Book Excerpt from Lie There and Lose Weight by John J. Ordover - Lie There and Lose Weight by John J. Ordover

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Lie There and Lose Weight
         On October 13th, 2015, I set myself the goal of losing 100 pounds and keeping it off. This was after years of going up or down 50, 60, 70 pounds and reaching my highest weight at 305.6 pounds. It took me a year to lose those pounds, and it was tough going every single day of that year. It is tough now keeping it off.
         Losing weight, no matter what any book, magazine article, or television commercial says is an incredibly difficult thing. Along the way I learned a few tricks and figured out others that helped me take the edge off, which I’ll share here, but there is nothing I know of that can make losing weight easy or fun. I’m sharing what I thought and felt as I lost weight in the hope that it will be of some help to others trying to do the same thing.
         I documented my struggle starting on October 13th, 2015, on the Facebook Social Network Service. The support and advice I got from my Facebook friends was instrumental in my being able to get through this challenge and right on through to today. Male or female, there is so much shame connected to being fat in our society. Going public with my weight struggle was hard but it helped immensely.
         Interacting with other people with the same struggles or who are professionals in this area also taught me what I needed to do to succeed, and I’m sharing that here as best I can.
         That there was always someone on Facebook willing to listen if I wanted to complain, or who agreed to reward me in various non-monetary but significant ways for making certain goals, was wonderful. So this book is in part a compilation of my Facebook posts over that year (and a bit more) and includes some quotes from my Facebook friends as well. I thank them for allowing me to include their encouraging words.
What I’m Not Going to Do

         October 13, 2015
         Week 0: 305.6 pounds
       Starting new weight loss program. Goal is to lose 100 pounds then see where I stand.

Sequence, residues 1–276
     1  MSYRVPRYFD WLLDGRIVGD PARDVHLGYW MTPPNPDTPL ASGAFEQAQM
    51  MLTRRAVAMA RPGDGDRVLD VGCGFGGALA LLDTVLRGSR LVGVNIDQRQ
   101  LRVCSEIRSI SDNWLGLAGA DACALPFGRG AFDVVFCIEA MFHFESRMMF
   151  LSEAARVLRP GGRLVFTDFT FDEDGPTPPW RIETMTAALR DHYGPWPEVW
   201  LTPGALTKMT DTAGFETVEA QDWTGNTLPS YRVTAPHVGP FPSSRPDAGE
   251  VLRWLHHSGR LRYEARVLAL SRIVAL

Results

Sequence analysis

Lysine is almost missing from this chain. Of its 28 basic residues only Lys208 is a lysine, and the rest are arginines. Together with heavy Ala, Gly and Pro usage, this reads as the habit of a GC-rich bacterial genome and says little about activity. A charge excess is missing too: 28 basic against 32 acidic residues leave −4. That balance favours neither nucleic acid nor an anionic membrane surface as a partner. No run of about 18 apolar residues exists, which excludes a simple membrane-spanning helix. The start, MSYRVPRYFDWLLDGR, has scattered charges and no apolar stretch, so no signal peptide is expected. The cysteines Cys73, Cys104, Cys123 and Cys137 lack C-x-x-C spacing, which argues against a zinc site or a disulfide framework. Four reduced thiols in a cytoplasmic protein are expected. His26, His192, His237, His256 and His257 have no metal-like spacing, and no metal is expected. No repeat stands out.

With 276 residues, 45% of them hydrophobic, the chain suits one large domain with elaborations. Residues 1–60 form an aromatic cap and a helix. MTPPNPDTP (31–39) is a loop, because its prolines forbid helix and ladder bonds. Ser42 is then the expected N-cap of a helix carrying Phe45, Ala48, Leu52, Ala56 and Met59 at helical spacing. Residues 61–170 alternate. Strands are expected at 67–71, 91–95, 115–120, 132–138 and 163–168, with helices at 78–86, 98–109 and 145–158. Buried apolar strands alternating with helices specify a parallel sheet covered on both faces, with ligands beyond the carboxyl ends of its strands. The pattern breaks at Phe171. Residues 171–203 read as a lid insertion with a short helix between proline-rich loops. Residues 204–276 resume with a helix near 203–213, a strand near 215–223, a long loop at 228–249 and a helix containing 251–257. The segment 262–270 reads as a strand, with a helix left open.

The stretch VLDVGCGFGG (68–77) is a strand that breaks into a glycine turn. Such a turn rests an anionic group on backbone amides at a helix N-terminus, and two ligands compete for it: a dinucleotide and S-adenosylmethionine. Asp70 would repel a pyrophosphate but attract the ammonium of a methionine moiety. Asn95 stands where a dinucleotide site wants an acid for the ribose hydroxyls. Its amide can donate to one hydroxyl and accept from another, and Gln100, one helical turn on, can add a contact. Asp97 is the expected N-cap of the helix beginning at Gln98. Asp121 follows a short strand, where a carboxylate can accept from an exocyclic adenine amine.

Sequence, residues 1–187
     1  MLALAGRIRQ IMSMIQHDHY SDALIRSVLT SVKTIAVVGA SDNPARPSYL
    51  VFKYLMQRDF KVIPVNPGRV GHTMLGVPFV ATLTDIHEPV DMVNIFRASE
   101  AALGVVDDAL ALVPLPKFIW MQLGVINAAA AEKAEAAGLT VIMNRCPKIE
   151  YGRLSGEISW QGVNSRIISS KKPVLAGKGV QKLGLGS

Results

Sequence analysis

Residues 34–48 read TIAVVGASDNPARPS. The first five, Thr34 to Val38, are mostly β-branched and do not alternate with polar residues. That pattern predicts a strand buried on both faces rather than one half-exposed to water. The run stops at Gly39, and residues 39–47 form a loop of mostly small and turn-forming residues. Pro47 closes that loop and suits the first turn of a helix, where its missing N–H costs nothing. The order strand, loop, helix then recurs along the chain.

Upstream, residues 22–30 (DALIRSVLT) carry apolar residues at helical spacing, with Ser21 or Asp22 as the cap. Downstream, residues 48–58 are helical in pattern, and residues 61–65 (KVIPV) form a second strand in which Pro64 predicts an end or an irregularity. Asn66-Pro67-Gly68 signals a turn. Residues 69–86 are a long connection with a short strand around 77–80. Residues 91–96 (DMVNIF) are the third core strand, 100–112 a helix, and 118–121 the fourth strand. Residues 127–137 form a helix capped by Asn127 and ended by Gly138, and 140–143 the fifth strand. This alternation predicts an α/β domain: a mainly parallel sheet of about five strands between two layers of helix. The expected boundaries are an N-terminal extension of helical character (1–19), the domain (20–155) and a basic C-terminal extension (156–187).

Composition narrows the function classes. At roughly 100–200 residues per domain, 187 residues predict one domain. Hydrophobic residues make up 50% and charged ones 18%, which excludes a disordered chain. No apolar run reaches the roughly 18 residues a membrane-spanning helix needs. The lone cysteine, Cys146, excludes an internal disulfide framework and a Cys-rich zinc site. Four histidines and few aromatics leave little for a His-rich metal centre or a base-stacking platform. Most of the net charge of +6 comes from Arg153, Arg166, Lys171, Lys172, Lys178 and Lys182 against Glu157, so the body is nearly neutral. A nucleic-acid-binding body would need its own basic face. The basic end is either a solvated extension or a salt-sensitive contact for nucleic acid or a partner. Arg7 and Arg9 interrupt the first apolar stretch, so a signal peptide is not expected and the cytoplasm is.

Anyone who knows me, heck, anyone who has ever met me or heard me speak, would expect my writing a book that is entirely about me to be not only easy for me but inevitable. I love to talk about myself, love to be the center of attention, I’m quite loud and quite talkative. If it seems I’m the kind of guy whose favorite topic of conversation is himself, that conclusion is quite probably correct.
         Nevertheless it turns out writing entirely about my own physical and emotional experiences, really letting people behind the wall, is a struggle. I’d much rather go with my naturally bossy nature and just tell people what to do. It’s far easier to point out other people’s flaws and challenges than it is to take a hard look at my own. It’s a lot more fun to tell other people what to do than to do it myself. Despite the self-restraint required I will not be telling people what to do in this book.
         That said, here’s the one thing you must do: consult your doctor before starting any weight-loss plan. See how easily that comes to me?
         Here’s what I’m really not going to do:
         I’m not going to tell you what diet you should be on. Any diet that restricts calories will work as well as any other and it is likely you already have all the information you need to go on a diet. Anything that worked for you before will likely work again. The challenge is sticking to it.
I’m not going to provide you with recipes, or limit your food choices, or tell you to adopt one program or another. While Weight Watchers worked well for me, nothing in this book is drawn from their program, and no advice I give is under their direction. Any opinions I express in this book, living or dead, are not necessarily something Weight Watchers endorses or agrees with.
         I’m not going to use euphemistic terms like “lifestyle change.” Minimizing my struggle with euphemisms didn’t work for me. For me a diet by any other name was still a diet and calling it a lifestyle change wouldn’t have made it any less unpleasant. Plus, I wasn’t “heavy-set” or “overweight” or even “obese.” I was fat.
         I’m not going to tell you I had gastric bypass surgery because I didn’t, although I’m often asked if I did.